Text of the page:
Population genetics

Population genetics is the study of the genetic composition of populations, including distributions and changes in genotype and phenotype frequency in response to the processes of natural selection, genetic drift, mutation and gene flow.

Latest Research and Reviews

News and Comment

  • Research Highlights |

    A study in Nature analysing genome-wide variation in individuals from islands across Polynesia reports evidence of admixture with Native Americans related to Indigenous inhabitants of northern South America.

    • Linda Koch
  • Research Highlights |

    Structural variants have proved difficult to characterize using traditional sequencing approaches. In two new studies in Cell, the authors demonstrate the use of pan-genome approaches to identify and explore the impact of structural variants in crop genomes and reveal variants linked to specific agronomic traits.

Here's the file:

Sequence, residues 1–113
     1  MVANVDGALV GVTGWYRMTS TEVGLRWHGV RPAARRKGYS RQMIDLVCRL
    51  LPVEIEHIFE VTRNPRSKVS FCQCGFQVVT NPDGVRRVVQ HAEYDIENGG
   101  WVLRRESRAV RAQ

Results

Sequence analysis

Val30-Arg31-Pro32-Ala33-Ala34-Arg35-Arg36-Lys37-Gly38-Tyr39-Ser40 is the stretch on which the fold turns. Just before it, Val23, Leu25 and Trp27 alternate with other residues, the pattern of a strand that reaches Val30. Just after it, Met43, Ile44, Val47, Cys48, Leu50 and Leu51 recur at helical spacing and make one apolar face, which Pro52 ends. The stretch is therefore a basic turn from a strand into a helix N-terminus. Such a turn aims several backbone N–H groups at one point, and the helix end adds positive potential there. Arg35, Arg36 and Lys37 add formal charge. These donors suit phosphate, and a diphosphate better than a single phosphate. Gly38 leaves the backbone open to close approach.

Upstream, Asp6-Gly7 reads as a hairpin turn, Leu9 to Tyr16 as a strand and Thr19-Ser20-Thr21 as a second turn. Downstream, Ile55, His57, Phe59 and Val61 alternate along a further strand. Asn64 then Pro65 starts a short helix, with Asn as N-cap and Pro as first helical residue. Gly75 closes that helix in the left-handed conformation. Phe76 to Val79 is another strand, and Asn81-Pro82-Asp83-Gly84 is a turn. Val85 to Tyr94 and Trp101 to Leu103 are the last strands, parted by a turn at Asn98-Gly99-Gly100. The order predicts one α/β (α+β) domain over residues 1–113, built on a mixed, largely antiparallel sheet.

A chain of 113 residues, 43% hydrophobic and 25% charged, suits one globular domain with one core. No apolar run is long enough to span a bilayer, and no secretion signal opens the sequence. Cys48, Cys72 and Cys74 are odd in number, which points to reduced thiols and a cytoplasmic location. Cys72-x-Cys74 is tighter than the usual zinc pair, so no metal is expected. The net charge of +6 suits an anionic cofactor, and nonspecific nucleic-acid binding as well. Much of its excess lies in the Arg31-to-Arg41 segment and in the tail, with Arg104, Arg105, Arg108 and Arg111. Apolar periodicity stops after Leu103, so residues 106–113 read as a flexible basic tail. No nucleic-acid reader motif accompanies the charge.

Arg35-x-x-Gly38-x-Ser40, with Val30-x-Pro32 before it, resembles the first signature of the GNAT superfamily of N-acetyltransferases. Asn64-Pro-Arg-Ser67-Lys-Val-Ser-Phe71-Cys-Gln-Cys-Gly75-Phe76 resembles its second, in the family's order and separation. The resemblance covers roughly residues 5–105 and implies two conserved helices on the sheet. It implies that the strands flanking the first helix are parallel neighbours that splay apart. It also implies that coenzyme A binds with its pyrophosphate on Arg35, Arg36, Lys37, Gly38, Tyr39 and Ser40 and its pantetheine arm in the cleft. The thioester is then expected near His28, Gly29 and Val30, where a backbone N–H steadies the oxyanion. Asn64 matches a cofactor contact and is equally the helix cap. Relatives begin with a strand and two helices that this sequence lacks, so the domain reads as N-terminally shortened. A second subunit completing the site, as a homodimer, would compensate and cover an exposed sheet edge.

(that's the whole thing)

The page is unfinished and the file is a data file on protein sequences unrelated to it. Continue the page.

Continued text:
• Joseph Willson
  • Research Highlights |

    Ostendorf et al. show that germline variants of human APOE play a role in melanoma that is opposite to that in Alzheimer disease, with APOE4 carrier status being associated with reduced melanoma growth in mice and improved outcome in patients with advanced melanoma.

    • Ulrike Harjes
  • Research Highlights |

    During ageing, many normal human tissues become a patchwork of mutant clones. Colom et al. show that, in mutagenized mouse oesophageal epithelium, this mutational landscape arises through cell competition, with clone fitness determined by the genotype of their neighbours.

    • Dorothy Clyde
  • Research Highlights |

    A collection of seven articles from the gnomAD consortium, published in Nature, Nature Medicine and Nature Communications, showcases analyses of global human genetic variation in coding and non-coding genomic regions across this data set.

    • Linda Koch